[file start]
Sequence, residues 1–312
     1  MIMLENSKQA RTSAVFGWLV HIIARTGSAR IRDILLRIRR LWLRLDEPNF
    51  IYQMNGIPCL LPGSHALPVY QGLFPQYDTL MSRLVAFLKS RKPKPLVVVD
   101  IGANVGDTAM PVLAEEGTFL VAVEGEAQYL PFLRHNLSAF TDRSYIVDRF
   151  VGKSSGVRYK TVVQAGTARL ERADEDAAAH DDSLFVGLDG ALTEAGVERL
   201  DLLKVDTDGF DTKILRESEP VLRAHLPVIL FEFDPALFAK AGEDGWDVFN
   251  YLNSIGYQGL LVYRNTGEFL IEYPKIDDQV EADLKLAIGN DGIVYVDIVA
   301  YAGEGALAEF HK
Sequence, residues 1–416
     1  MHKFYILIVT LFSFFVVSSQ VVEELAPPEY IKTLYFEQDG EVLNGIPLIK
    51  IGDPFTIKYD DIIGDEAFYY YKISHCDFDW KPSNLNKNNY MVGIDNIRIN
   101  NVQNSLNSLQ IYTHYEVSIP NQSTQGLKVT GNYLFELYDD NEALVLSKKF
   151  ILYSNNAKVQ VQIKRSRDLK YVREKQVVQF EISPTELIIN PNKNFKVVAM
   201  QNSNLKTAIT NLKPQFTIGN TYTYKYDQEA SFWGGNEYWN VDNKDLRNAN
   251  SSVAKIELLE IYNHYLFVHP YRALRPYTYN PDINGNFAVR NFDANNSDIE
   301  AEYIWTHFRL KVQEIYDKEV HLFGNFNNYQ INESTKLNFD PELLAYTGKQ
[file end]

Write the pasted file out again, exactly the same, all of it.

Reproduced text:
Sequence, residues 1–312
     1  MIMLENSKQA RTSAVFGWLV HIIARTGSAR IRDILLRIRR LWLRLDEPNF
    51  IYQMNGIPCL LPGSHALPVY QGLFPQYDTL MSRLVAFLKS RKPKPLVVVD
   101  IGANVGDTAM PVLAEEGTFL VAVEGEAQYL PFLRHNLSAF TDRSYIVDRF
   151  VGKSSGVRYK TVVQAGTARL ERADEDAAAH DDSLFVGLDG ALTEAGVERL
   201  DLLKVDTDGF DTKILRESEP VLRAHLPVIL FEFDPALFAK AGEDGWDVFN
   251  YLNSIGYQGL LVYRNTGEFL IEYPKIDDQV EADLKLAIGN DGIVYVDIVA
   301  YAGEGALAEF HK
Sequence, residues 1–416
     1  MHKFYILIVT LFSFFVVSSQ VVEELAPPEY IKTLYFEQDG EVLNGIPLIK
    51  IGDPFTIKYD DIIGDEAFYY YKISHCDFDW KPSNLNKNNY MVGIDNIRIN
   101  NVQNSLNSLQ IYTHYEVSIP NQSTQGLKVT GNYLFELYDD NEALVLSKKF
   151  ILYSNNAKVQ VQIKRSRDLK YVREKQVVQF EISPTELIIN PNKNFKVVAM
   201  QNSNLKTAIT NLKPQFTIGN TYTYKYDQEA SFWGGNEYWN VDNKDLRNAN
   251  SSVAKIELLE IYNHYLFVHP YRALRPYTYN PDINGNFAVR NFDANNSDIE
   301  AEYIWTHFRL KVQEIYDKEV HLFGNFNNYQ INESTKLNFD PELLAYTGKQ